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VIII camellia sasanqua show boiro 2011/12/11-12

Posted by okintos z10 WEurope (My Page) on
Tue, Dec 13, 11 at 17:17

Hello. I show some pictures of the Exhibition of Camellia sasanqua and other species of camellia with bloom in the early season. Was held during the 10th and December 11th. The past weekend.
Daniel D.F. oKintos

Here is a link that might be useful: Camellia Show Boiro 2011-12-10/11

Follow-Up Postings:

RE: VIII camellia sasanqua show boiro 2011/12/11-12

Great pictures but there are too many must-have camellias in there. I stopped at something like eight! Oh wow. And oh gee. Sigh. With the extreme drought that we are having, I am going to have to delay purchasing all kinds of plant species until La Nin~a goes away. Wish I could just drive someplace and bring them all back.

RE: VIII camellia sasanqua show boiro 2011/12/11-12

Hello. Boiro Exhibition In December thereof, were forty fans who showed their camellia flowers. Not all groups are Boiro. The vast majority are people from different parts of Galicia. There were also some fans of Portugal and Asturias. The love of the Camellias is very old and important in Galicia. Here, the distances are not very long. The climate is very pleasant throughout the year, without extremes. Neither cold nor heat. Although we are practically off the coast of Connecticut (USA). Galicia and Connecticut, are opposite in the Atlantic Ocean. But in the Costa de Galicia never snows, and only one day of winter can freeze. The Gulf Stream keeps us warm enough, so in winter we can have the wonderful varieties of camellia. Rainwater and irrigation is very important in camellias. The rain is good for camellias. The dry seasons are bad and forces us to water every day. I hope your camellias survive. Good luck. Greetings.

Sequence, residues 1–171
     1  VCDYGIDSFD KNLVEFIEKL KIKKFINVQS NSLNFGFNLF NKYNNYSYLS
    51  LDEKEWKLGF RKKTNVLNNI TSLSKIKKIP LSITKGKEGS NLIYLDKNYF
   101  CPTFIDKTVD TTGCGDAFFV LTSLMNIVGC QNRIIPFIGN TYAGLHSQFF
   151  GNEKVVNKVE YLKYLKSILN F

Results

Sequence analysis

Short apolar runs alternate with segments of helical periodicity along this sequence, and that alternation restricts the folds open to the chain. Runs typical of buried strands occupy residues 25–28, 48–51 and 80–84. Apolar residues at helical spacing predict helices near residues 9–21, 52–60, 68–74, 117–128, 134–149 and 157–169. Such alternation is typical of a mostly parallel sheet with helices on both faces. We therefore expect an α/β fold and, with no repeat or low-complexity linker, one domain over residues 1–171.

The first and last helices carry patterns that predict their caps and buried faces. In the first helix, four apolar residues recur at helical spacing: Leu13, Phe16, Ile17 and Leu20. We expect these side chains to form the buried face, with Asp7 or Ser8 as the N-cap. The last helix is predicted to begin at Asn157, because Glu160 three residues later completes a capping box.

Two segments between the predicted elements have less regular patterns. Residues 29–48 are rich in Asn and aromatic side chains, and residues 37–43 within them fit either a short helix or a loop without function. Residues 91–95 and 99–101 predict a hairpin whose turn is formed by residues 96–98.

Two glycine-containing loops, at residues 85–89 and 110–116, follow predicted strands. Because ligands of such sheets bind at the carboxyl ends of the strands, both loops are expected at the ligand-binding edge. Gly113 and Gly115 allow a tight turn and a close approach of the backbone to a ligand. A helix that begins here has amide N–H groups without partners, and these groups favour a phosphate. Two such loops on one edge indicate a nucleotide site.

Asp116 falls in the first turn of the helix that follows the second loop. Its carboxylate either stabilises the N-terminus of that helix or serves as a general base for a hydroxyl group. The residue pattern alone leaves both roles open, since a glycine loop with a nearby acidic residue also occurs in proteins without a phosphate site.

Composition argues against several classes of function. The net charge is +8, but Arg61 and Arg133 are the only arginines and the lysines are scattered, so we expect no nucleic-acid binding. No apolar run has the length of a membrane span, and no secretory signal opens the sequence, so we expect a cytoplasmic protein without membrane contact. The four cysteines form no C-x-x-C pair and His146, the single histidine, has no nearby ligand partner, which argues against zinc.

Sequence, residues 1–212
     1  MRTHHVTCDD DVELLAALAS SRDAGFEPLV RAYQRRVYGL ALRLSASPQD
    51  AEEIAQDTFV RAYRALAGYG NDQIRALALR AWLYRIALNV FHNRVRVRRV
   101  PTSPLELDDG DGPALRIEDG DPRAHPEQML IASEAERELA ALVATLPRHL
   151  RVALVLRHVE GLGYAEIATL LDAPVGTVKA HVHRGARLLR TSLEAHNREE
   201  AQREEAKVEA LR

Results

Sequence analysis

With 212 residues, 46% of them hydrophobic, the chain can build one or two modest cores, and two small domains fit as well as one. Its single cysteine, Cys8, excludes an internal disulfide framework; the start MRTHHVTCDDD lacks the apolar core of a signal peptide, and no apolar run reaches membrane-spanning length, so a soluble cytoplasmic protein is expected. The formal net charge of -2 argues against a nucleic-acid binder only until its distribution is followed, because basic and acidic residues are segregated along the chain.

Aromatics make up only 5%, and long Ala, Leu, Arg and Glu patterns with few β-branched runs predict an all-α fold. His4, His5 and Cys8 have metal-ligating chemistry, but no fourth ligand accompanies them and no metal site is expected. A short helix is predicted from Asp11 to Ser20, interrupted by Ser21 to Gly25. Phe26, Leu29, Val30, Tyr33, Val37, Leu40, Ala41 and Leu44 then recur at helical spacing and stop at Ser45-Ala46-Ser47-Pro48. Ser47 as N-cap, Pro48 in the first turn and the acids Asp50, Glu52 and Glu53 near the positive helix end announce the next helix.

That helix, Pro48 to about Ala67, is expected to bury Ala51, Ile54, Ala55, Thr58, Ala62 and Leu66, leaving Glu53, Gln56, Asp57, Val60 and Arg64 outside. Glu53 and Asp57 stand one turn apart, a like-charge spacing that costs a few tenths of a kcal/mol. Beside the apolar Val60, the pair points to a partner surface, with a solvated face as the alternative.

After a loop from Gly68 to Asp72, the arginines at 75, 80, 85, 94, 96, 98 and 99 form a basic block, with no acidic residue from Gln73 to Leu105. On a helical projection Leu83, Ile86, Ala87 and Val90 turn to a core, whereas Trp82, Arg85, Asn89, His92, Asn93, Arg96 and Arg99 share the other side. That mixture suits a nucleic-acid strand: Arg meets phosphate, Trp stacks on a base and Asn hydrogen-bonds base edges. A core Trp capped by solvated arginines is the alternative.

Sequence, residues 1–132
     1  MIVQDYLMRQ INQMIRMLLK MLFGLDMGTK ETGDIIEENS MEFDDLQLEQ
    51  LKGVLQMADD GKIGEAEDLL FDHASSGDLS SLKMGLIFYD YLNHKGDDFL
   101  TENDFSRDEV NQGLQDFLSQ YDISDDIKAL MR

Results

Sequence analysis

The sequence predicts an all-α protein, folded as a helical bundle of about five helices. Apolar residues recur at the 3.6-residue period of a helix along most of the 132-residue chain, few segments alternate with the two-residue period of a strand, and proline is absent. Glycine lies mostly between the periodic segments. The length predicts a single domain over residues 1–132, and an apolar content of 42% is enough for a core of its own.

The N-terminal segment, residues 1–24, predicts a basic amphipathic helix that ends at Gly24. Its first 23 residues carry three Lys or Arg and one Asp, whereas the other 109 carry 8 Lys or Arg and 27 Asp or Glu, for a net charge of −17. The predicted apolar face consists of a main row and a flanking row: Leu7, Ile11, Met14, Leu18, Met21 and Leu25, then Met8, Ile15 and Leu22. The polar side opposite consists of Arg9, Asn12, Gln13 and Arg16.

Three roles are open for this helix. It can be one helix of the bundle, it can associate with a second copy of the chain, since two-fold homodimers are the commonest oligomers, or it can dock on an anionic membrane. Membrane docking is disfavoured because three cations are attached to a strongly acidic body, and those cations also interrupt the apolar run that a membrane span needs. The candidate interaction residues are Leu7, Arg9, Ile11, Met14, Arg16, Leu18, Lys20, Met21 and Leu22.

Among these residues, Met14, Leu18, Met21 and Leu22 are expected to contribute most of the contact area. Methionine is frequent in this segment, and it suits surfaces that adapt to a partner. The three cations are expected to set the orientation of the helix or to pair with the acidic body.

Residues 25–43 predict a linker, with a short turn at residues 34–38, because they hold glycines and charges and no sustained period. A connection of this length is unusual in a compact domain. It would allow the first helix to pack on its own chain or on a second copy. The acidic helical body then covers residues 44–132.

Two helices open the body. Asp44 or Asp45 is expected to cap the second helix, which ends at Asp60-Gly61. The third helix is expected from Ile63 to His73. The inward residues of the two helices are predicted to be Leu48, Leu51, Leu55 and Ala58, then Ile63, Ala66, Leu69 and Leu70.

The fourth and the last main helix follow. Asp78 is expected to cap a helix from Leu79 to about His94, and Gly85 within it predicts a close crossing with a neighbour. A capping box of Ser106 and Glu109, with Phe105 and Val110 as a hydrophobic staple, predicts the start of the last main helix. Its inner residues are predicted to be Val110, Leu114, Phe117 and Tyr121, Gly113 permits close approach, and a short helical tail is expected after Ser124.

Here is a link that might be useful: Camellia's Quintans. I live here ( O Grove)

RE: VIII camellia sasanqua show boiro 2011/12/11-12

That sounds just fine for camellias, hydrangeas, azaleas and rhododendrons! Our climate is more extreme so watering camellias is a must. I learned the hard way to pay attention to that even during winter:

I had to stop the automatic sprinkler once because of cold freezing temperatures but forgot to restart it. Many weeks later, I saw one camellia's leaves browning and noticed the dry soil so I reactivated the automatic sprinkler.

It is a little bit of an inconvenience to have to keep doing that on-off business based on the temperatures during winter. I may have to inquire if commercial sprinkler vendors can add some equipment to existing units that turns the sprinkler 'off' and back 'on' based on outside temperatures. But if it is expensive, I may have to wait until it breaks down and has to be replaced.

Our winters are rather mild too. We may have a total of one inch of snow in all of winter but ice & sleet are more common. Jan-Feb are the coldest months and Feb brings all kinds of weird precipitation. It seems to be the time when spring weather is about to arrive.... but winter refuses to leave so spring & winter "fight it out" and finally winter gives up by the end of February or early March.

We are used to somewhat stable but cold temperatures during the winter months. But I have noticed that once temperatures get above the averages, say in the 70s then that is a harbinger of cold temperatures soon or in a few more days. Your Friday may start in the upper 70s (F) and then become snowy and bitter cold by 5pm. This up and down is not good for most plants, including camellias, and especially those camellias that bloom in Jan-Feb as it can make them bloom early, stop blooming when the cold temperatures arrive and continue blooming a month or two afterwards. Or worse, it could flat out kill all the blooms although that rarely happens. I had one that bloomed early in Jan, stopped blooming and resumed in March. Oh well.

The dry season in summer is the problem and it requires monitoring the shrubs a lot. Especially last summer... the worst in 50 years or more. The drought continues and is expected to last one more full season although we have been blessed by weekly rains since September... and they continue. Water levels at lakes were we get the water from have not fully recovered yet though.

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